One of Judd Apatow's dreams will come true when The Simpsons creates an episode around a script he wrote . . . over 20 years ago. Apatow recalled writing the episode in a recent interview with EW. He remembered penning it, along with a spec script for the early Nineties Fox series Get a Life, after the cartoon's first season, which premiered in December 1989.
"I sent them all around town and I did not get a job from anybody," he said. "I got a meeting at Get a Life and didn't get a job there either. But I heard that they liked it at The Simpsons." After a stint writing for The Ben Stiller Show, Simpsons producers Al Jean and Mike Reiss hired the director to work on the cartoon The Critic, but even then they did not consider developing his episode. Jean finally decided to look at the script a few years ago after reading an interview with Apatow, in which he mentioned his episode. "The reason I brought up The Simpsons episode is because I realized while doing this interview that everything I had ever written was the premise of the first thing I had ever written," Apatow told EW. "All of my stories are about people trying hard not to grow up."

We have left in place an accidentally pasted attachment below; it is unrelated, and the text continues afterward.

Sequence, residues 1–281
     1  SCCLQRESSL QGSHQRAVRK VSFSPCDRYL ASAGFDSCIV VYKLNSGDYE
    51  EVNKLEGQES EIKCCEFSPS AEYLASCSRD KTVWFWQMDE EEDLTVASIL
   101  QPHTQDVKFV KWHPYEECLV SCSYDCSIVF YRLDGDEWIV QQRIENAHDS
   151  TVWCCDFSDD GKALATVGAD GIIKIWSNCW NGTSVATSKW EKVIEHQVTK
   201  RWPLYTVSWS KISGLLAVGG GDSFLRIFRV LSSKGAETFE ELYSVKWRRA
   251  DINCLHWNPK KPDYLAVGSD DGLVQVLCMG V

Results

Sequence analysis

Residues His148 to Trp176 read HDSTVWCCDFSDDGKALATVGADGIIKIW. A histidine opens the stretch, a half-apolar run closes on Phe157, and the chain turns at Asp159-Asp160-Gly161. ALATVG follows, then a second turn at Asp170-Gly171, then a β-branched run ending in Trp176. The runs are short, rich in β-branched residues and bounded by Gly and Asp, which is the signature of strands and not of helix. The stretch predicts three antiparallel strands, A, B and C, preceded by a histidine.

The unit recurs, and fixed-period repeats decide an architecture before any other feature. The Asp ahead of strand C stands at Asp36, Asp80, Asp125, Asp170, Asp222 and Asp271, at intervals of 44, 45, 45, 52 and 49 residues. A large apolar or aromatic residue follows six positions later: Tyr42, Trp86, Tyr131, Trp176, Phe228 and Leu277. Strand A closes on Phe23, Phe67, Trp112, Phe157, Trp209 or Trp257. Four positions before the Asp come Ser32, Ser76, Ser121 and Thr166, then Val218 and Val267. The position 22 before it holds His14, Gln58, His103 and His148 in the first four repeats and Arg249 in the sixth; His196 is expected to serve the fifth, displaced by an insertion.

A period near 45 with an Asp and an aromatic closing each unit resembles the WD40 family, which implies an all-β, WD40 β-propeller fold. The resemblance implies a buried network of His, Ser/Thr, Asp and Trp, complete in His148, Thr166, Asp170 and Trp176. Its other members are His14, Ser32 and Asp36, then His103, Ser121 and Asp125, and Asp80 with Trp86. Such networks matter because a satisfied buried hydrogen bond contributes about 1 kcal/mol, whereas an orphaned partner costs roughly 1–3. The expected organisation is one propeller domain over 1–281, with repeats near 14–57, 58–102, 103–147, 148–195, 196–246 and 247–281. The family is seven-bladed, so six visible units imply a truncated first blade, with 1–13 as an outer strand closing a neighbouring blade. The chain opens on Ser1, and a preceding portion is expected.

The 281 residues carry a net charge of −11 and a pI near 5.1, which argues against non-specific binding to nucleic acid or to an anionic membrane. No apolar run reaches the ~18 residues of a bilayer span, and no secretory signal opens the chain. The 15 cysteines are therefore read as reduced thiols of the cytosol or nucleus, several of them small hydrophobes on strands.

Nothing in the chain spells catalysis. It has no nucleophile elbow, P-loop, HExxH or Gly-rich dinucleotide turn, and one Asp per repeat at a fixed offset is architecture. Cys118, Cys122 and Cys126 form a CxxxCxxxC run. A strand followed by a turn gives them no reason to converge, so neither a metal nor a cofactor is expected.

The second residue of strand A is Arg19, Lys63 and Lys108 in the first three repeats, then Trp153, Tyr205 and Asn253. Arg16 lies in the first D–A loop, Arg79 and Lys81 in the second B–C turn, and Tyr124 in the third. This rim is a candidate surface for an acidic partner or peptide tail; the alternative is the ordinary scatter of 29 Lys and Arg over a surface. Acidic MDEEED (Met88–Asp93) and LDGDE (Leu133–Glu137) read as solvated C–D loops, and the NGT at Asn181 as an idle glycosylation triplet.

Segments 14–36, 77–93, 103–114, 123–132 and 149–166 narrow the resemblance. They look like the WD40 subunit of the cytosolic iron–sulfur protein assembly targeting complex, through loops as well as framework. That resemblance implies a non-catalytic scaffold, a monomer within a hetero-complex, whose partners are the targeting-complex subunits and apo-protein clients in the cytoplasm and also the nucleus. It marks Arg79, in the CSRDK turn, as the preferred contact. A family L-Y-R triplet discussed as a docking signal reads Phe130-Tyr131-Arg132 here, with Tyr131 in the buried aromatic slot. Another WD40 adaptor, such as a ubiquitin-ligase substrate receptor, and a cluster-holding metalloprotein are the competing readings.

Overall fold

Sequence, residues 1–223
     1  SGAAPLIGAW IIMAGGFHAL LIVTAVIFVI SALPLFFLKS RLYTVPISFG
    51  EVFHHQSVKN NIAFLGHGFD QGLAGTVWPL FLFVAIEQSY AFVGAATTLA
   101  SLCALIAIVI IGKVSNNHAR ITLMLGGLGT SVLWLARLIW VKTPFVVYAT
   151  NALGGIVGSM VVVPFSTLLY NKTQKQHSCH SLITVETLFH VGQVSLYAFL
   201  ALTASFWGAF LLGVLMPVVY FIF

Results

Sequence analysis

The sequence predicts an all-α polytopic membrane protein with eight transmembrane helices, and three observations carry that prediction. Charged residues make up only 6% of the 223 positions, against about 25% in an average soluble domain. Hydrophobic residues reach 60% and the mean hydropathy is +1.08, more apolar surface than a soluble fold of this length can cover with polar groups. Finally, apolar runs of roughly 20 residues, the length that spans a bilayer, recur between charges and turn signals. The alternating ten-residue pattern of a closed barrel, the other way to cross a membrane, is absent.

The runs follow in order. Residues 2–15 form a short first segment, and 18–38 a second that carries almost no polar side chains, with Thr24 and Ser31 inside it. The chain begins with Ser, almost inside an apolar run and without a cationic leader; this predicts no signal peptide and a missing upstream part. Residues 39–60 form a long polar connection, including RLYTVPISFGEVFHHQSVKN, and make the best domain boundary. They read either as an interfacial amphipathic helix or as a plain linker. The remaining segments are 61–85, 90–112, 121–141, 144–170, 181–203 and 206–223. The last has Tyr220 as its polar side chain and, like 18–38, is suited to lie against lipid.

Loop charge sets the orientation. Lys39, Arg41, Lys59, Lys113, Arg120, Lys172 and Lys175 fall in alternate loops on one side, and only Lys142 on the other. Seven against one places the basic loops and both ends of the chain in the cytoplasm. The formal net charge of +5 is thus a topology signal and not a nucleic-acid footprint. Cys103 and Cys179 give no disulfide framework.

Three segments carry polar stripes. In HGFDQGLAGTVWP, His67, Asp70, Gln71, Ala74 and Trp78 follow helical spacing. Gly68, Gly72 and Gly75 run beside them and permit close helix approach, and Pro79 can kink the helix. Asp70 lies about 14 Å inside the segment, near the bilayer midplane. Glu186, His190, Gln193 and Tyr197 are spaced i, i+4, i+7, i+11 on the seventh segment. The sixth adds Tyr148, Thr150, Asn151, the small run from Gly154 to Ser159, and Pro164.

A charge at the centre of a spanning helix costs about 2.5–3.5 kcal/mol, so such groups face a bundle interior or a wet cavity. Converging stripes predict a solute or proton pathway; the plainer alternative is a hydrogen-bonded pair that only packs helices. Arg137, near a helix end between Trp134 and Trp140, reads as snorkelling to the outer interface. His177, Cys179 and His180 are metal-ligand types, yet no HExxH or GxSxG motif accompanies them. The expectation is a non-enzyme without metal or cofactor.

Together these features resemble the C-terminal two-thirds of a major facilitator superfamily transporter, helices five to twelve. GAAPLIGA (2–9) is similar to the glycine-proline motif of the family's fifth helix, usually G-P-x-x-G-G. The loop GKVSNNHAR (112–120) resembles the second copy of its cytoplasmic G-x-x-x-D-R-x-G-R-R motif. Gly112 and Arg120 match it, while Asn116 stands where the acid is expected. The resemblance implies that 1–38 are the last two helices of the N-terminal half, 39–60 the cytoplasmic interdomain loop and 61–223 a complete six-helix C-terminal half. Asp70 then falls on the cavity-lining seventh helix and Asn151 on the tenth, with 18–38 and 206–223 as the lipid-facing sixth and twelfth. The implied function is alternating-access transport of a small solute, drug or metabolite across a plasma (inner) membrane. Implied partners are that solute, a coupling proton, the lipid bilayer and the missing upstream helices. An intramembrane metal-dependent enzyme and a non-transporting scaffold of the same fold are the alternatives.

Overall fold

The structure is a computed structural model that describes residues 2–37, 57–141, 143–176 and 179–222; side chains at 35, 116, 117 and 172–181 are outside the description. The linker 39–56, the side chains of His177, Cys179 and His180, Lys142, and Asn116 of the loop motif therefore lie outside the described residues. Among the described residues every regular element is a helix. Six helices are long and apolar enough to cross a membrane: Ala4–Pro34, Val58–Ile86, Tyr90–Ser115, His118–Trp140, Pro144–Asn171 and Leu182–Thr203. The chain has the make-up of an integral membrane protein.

As for the plot of Apatow's episode, he said that the Simpson family would go to a "hypnotism show," but the hypnotist would suffer a heart attack mid-demonstration. This would leave Homer thinking that he was 10 years old. "It's about Bart and Homer becoming best friends because they're the same age, and then Homer doesn't want to be revived because he'd rather be 10 than have adult responsibility," Apatow explained. "I wrote it in what I thought was the style of The Simpsons after only six episodes had aired."
The director says that the Simpsons writing team is currently punching up his script and that the changes he's seen so far have been "hilarious and brilliant." After the writers finish the editing process, Apatow will look over the script again. "I think the idea of my episode is very good and there are some nice moments," he said, "but it was the first thing I ever wrote. . . ." He also joked about wanting to voice the episode's hypnotist.
Apatow ended the interview by saying that getting the episode developed is "a real full-circle moment" for him. "I wanted to be a part of it from the second it was created," he said. "I knew it was one of the landmark moments in comedy and now that I have become a part of it, there is a small part of me that thinks I should retire. . . . There's nothing else to dream for."
Since writing the script, the Apatow has become one of the strongest voices in modern comedy with films such as The 40-Year-Old Virgin, Knocked Up, This Is 40 and more, as well as executive-producing the TV series Girls. This Sunday, Apatow will lend his voice to The Simpsons alongside actors he's worked with often over the years – Paul Rudd, Seth Rogen and his wife, Leslie Mann – as well as Channing Tatum and Judas Priest frontman Rob Halford.